Elahe Haschemi Yekani receives European Consolidator Grant from the European Research Council
Elahe Haschemi Yekani has received a Consolidator Grant from the European Research Council (ERC) for her project "Tales of the Diasporic Ordinary. Aesthetics, Affects, Archives", which deals with everyday narratives of the diaspora. The Professor of English and American Literature and Culture is Executive Director of the Institute of English and American Studies at Humboldt-Universität zu Berlin, where she researches and teaches with a focus on postcolonial studies.
Prof. Christoph Schneider, Vice President for Research at HU: "I am very pleased for Professor Haschemi Yekani, whose outstanding research work is confirmed and further strengthened with this funding. The analysis of art and literature can change the view of how people perceive themselves in diverse and heterogeneous societies. The award is also a badge and further incentive for dedicated research and teaching at the Institute of English and American Studies at Humboldt-Universität zu Berlin."
Narratives of the DiasporaAs part of the project, Hashemi Yekani examines narratives produced by people living in the diaspora. Works by migrant, non-white artists are predominantly associated with labels that lift them out of society. This understanding favours generational models such as the Windrush generation (migrants from the Caribbean between 1948 and the early 1970s) in the UK, the so-called Gastarbeiterliteratur in Germany, but also ethnic and area studies in the US. Such labels reinforce an understanding of migration as the result of exceptional circumstances, such as the so-called refugee crisis in 2015.
The project "Tales of the Diasporic Ordinary" asks what happens when we instead apply a "normalising" perspective to contemporary literature and art in the diaspora. The project thus disrupts models of national canon formation and considers (queer) diasporic artistic practices and aesthetics as interwoven with post-World War II global histories, the decline of empire, neo-imperialism and the recent rise of the New Right.
One hypothesis of the project is that artistic practice can acknowledge negative effects and contribute to a new notion of community that goes beyond national and heteronormative constraints. Thus, the project highlights the importance of everyday narratives of diaspora in addressing racism and promoting new forms of belonging.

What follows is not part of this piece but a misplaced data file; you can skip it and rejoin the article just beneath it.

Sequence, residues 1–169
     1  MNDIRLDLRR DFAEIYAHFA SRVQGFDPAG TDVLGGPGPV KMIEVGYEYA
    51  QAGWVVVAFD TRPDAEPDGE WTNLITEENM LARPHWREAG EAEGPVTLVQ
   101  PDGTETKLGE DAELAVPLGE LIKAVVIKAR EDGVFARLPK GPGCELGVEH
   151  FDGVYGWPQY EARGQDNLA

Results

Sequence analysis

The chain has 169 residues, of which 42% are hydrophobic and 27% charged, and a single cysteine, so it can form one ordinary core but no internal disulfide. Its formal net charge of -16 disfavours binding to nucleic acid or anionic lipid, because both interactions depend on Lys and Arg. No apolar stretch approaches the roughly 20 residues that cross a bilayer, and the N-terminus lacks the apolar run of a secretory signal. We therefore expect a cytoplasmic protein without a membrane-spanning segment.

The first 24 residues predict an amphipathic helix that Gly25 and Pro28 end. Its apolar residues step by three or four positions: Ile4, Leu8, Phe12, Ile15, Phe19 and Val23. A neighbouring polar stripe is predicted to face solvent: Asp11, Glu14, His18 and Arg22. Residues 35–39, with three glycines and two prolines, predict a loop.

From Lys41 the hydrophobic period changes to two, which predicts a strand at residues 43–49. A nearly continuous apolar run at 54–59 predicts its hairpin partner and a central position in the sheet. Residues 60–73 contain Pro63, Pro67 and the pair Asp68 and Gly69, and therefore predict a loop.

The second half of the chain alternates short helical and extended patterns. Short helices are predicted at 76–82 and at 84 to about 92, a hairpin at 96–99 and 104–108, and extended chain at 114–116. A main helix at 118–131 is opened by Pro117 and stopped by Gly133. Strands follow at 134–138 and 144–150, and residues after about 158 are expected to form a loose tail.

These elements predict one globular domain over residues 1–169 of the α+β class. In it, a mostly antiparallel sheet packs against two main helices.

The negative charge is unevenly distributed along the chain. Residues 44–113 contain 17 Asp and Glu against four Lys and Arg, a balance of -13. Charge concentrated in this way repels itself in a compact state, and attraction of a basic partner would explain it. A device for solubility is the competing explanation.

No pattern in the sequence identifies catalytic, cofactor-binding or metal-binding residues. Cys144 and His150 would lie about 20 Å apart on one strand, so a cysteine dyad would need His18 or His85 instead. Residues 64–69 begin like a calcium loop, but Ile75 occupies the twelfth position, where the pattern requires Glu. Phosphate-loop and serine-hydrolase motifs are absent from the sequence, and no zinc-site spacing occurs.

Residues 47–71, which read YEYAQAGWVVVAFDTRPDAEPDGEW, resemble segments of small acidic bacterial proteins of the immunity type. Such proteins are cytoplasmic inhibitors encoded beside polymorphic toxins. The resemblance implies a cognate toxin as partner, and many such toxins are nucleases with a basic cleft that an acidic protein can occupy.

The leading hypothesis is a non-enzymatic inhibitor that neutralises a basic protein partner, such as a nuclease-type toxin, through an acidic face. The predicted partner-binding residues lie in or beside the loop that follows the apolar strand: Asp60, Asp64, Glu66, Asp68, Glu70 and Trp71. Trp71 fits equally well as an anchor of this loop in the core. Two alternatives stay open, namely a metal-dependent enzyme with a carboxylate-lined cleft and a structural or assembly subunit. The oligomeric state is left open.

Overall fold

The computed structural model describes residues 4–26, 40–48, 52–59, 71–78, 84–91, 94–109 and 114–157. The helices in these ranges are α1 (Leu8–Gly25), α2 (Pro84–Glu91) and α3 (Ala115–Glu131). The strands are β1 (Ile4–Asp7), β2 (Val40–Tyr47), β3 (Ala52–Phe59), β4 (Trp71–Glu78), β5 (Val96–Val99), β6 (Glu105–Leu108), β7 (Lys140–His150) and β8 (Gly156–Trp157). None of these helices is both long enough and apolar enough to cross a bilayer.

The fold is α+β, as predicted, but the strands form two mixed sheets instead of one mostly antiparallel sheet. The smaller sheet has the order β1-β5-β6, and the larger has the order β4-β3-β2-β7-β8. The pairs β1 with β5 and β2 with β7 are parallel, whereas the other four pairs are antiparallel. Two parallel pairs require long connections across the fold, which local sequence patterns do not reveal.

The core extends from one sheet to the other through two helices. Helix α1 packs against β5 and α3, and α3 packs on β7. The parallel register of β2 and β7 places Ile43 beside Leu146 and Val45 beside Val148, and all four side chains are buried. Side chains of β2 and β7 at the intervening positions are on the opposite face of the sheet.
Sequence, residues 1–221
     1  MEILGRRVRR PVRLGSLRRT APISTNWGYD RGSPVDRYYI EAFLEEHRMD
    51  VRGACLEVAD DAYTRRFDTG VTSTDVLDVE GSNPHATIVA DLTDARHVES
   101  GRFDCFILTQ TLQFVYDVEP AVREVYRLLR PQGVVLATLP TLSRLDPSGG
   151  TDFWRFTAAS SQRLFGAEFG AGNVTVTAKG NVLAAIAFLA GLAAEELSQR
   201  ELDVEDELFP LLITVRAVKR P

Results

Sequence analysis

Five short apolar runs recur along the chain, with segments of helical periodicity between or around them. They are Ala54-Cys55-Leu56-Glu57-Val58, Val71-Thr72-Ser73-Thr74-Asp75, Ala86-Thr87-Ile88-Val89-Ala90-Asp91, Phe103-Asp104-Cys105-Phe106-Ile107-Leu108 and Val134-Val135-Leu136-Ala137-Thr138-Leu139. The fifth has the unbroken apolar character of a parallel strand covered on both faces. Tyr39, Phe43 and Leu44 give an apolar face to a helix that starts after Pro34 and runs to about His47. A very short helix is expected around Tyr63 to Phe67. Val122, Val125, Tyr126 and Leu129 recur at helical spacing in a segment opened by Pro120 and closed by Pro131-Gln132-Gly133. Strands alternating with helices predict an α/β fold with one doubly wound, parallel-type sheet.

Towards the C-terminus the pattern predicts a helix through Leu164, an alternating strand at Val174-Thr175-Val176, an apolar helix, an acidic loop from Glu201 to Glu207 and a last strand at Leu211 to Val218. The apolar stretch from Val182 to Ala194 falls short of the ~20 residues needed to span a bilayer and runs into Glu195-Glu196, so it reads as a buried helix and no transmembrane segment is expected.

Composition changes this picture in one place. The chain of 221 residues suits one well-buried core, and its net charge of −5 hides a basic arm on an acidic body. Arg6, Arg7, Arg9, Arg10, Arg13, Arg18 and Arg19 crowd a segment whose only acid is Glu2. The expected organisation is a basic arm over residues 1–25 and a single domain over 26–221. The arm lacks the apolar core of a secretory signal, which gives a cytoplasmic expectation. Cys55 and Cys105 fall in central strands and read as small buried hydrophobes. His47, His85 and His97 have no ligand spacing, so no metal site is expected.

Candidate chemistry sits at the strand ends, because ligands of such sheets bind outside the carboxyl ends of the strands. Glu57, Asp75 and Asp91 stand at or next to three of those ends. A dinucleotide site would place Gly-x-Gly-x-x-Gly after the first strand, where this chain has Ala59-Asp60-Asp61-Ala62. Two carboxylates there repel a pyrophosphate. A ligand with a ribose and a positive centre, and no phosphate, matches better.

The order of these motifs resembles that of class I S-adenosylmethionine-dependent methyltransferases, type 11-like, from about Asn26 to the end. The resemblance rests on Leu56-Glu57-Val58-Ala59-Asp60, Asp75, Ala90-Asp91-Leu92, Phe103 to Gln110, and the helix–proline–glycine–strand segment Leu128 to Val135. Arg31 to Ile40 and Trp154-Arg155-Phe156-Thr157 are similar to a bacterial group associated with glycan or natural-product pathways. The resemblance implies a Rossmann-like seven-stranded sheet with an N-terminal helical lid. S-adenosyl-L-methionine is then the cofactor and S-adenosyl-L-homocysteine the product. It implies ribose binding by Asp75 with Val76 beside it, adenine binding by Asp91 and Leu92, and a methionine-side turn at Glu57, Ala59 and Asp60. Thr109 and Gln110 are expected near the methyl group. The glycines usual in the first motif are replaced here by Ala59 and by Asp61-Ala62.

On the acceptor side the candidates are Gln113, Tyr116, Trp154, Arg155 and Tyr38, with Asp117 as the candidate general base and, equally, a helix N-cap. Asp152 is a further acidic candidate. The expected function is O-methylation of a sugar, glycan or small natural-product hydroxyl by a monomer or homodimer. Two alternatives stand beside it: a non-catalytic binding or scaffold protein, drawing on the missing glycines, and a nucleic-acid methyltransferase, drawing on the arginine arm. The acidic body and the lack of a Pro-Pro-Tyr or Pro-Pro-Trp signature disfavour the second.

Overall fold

About the ERC Consolidator GrantsThe prestigious grant is worth up to two million euros and is awarded by the European Research Council to top researchers in Europe who are pursuing potentially groundbreaking projects in basic research.
About the personElahe Haschemi Yekani has been Professor of English and American Literature and Culture with a focus on Postcolonial Studies at the Institute of English and American Studies at Humboldt-Universität zu Berlin since 2017. Previously, she was Junior Professor of English Literature at the European University of Flensburg. After her doctorate at Humboldt-Universität zu Berlin, research stays and positions took her to New York University (USA), the University of Potsdam, Leopold-Franzens-Universität Innsbruck (Austria) and the Kulturwissenschaftliches Kolleg Konstanz.
Her research interests include the Anglophone novel from its beginnings to the present with a special focus on Black Atlantic and diasporic writing, postcolonial studies, visual culture, memory culture and the archival turn, queer theory and intersectionality. In addition to numerous articles and the two monographs Familial Feeling: Entangled Tonalities in Early Black Atlantic Writing and the Rise of the British Novel (Palgrave Macmillan 2021, open access) and The Privilege of Crisis. Narratives of Masculinities in Colonial and Postcolonial Literature, Photography and Film (Campus 2011, awarded the Britcult Award 2009), a third book, co-authored with Magdalena Nowicka and Tiara Roxanne, has recently been published on Revisualising Intersectionality (Palgrave Macmillan 2022, open access). This is the conclusion of
In addition, she is currently leading a project on "Re-Imagining the Archive: Sexual Politics and Postcolonial Entanglements" together with Silvy Chakkalakal (Humboldt University, European Ethnology), funded by a Princeton-HU Strategic Partnership Grant.
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